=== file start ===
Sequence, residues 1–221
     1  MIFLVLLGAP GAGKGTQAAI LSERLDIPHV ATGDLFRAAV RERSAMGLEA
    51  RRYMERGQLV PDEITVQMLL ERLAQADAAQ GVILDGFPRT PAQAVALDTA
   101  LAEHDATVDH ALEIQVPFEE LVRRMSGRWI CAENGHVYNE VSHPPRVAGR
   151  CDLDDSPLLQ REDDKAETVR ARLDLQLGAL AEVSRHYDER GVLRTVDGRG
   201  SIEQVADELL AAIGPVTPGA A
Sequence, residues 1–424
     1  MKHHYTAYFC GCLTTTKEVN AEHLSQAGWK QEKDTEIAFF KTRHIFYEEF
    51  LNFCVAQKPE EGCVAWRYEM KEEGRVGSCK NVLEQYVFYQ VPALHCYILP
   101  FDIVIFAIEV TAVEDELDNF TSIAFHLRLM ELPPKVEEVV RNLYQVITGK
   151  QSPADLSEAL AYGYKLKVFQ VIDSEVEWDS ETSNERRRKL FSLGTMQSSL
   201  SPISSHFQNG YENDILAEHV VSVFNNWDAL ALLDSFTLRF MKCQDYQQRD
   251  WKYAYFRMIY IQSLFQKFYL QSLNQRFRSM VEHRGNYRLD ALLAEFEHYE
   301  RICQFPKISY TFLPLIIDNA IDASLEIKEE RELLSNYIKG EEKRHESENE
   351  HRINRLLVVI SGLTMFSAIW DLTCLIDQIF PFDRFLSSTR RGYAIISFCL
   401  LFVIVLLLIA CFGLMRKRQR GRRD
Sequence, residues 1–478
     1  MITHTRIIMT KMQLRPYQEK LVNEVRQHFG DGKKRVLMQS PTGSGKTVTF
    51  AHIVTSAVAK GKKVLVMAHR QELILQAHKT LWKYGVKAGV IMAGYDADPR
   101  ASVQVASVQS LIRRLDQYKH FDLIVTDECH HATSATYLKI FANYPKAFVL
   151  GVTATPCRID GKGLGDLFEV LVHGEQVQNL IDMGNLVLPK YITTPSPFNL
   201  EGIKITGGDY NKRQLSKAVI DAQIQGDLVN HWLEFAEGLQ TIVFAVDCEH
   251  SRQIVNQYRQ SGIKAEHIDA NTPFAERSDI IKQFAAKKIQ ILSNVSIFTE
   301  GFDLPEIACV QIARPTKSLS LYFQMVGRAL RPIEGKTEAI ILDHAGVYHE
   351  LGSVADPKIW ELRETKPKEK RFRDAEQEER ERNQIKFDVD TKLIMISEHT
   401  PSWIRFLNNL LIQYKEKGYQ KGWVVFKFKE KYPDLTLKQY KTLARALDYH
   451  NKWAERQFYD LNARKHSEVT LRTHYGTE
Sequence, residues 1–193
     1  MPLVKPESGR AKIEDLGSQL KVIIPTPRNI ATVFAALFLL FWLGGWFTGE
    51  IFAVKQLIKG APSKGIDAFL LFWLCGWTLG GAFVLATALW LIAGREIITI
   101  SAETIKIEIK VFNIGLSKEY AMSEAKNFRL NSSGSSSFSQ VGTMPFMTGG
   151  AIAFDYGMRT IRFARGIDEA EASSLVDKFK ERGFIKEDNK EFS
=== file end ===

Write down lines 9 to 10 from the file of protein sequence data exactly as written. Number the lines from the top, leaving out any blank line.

    51  LNFCVAQKPE EGCVAWRYEM KEEGRVGSCK NVLEQYVFYQ VPALHCYILP
   101  FDIVIFAIEV TAVEDELDNF TSIAFHLRLM ELPPKVEEVV RNLYQVITGK